Brian Pollard plans to “keyhole” the 330+ family homes he’s building, as part of his Symphony Bay Development, onto the 93 feet of Geneva lakefront he owns at Buttons Bay.
Brian’s housing development is over 2 miles from Geneva Lake, out along Edwards Blvd, but his ads claim Symphony Bay owners will have “private lake access” to world-famous Geneva Lake, and the opportunity to enjoy Symphony Bay’s private pier and boat club. Great marketing strategy for local developer friend, Pollard, but Brian probably should have been more upfront and named his development “Keyhole Bay.” Keyholing has been a common and acceptable practice on Geneva Lake going back to the early 1900’s. Keyholing arises whenever lakefront access rights are transferred to a limited number of adjacent back-lot properties, usually belonging to an association or subdivision, but without their own lakefront.
Brian Pollard is taking 93 feet of commercial lakefront property, and keyholing lake access rights to remote properties miles away at the site of the old race track where his development is under construction. The commercial lakefront property that Pollard is exploiting, using his keyholing scheme, is the old Van Dyke Fishing Boat Rental and Bait Shack property that Pollard purchased 20 years ago and has been using as a quasi-marina for boat-slip and buoy rentals. The fact that this property has B3 Commercial Zoning is the only reason such a bizarre and ambitious strategy could work, and why it’s so important that everyone work to keep commercialization of any residential lakeshore property to a bare minimum.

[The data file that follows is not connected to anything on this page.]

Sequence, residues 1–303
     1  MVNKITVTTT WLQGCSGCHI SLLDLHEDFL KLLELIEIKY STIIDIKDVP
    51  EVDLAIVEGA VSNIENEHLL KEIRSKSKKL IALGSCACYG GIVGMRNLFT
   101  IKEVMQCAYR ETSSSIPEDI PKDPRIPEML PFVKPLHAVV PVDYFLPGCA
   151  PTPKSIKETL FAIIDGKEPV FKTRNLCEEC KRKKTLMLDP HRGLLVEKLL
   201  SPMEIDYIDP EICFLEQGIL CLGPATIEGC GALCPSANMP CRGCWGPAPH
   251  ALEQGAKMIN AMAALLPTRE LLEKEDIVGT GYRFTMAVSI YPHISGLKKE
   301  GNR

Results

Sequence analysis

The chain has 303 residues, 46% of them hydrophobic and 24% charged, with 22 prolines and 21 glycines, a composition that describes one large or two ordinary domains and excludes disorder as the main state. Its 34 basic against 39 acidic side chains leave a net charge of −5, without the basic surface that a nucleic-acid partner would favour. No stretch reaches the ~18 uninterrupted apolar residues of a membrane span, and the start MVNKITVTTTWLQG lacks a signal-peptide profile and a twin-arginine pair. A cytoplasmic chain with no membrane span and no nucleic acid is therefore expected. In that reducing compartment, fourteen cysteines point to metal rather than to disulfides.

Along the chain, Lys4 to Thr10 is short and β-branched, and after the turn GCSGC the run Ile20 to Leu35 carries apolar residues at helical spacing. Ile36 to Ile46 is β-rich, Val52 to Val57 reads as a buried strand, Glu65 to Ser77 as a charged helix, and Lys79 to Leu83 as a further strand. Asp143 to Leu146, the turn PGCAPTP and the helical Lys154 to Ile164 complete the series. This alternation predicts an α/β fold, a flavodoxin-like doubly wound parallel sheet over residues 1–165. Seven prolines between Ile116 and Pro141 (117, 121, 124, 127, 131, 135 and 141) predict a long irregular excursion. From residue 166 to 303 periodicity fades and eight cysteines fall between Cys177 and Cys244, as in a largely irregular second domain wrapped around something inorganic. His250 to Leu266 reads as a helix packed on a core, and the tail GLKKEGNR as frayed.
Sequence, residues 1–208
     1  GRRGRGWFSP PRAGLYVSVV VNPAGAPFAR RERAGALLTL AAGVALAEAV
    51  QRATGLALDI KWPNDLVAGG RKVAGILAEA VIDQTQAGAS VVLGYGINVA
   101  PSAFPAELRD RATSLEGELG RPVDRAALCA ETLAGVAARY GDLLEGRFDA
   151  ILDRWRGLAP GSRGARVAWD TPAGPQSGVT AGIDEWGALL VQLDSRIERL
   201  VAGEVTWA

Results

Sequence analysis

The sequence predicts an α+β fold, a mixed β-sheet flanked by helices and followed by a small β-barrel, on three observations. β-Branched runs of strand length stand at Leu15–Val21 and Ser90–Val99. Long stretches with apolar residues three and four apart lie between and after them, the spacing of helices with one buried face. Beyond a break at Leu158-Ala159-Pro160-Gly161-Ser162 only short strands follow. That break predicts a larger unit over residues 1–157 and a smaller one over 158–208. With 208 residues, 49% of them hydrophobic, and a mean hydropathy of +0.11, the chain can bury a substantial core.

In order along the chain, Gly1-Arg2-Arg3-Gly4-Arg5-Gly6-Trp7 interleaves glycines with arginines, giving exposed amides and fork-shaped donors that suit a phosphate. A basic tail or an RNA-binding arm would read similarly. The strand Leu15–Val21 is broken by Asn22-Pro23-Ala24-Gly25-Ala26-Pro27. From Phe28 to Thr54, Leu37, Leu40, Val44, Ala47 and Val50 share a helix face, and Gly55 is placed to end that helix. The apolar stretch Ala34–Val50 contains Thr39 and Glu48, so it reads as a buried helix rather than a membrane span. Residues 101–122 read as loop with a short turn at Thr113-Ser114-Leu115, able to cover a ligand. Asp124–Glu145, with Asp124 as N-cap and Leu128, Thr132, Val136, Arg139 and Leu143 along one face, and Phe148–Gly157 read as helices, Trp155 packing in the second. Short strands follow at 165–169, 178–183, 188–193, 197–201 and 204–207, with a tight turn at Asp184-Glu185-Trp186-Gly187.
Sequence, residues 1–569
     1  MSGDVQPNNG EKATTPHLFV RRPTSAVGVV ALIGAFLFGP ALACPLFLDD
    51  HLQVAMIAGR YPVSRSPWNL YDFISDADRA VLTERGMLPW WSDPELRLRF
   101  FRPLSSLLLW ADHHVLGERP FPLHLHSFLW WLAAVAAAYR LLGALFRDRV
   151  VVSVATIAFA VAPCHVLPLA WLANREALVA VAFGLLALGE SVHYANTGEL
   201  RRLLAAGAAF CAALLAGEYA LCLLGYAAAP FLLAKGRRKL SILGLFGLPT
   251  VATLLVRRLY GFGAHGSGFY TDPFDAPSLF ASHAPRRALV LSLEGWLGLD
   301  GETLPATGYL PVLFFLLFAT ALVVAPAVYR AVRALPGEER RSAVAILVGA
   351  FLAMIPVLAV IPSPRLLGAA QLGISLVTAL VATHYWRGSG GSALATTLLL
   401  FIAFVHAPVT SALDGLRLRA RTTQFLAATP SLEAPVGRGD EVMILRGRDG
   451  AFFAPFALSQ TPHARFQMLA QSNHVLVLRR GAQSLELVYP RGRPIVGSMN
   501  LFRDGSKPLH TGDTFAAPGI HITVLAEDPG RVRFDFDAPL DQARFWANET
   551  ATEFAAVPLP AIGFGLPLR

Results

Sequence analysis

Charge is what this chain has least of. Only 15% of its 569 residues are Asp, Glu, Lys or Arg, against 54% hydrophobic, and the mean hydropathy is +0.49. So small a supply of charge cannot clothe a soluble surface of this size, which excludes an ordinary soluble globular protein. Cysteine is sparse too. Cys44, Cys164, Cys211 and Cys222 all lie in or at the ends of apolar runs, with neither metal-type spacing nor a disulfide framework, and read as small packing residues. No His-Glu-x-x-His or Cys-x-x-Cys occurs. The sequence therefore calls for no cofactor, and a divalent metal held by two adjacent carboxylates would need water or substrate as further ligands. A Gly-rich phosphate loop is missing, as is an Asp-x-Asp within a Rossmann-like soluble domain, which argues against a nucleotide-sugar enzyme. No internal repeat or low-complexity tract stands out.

On Monday, Feb 26, there was supposed to be a public hearing at the Town of Linn, but that got canceled when citizens questioning approval of this conditional use permit found that the property sign (required to alert the public) had not been correctly erected. Mr.Pollard is a very professional builder and a trusted member of the community, but there remain concerns about this arrangement:
1) Safety issues caused by increased boat and vehicle traffic in an already crowded area.
2) Impact on the environmental quality of the lake and the Button’s Bay area from more intensive waterfront development.
3) Preventing copy-cat developers from commercializing lakefront properties and destroying the ambiance of the area.
Cartoon of the Week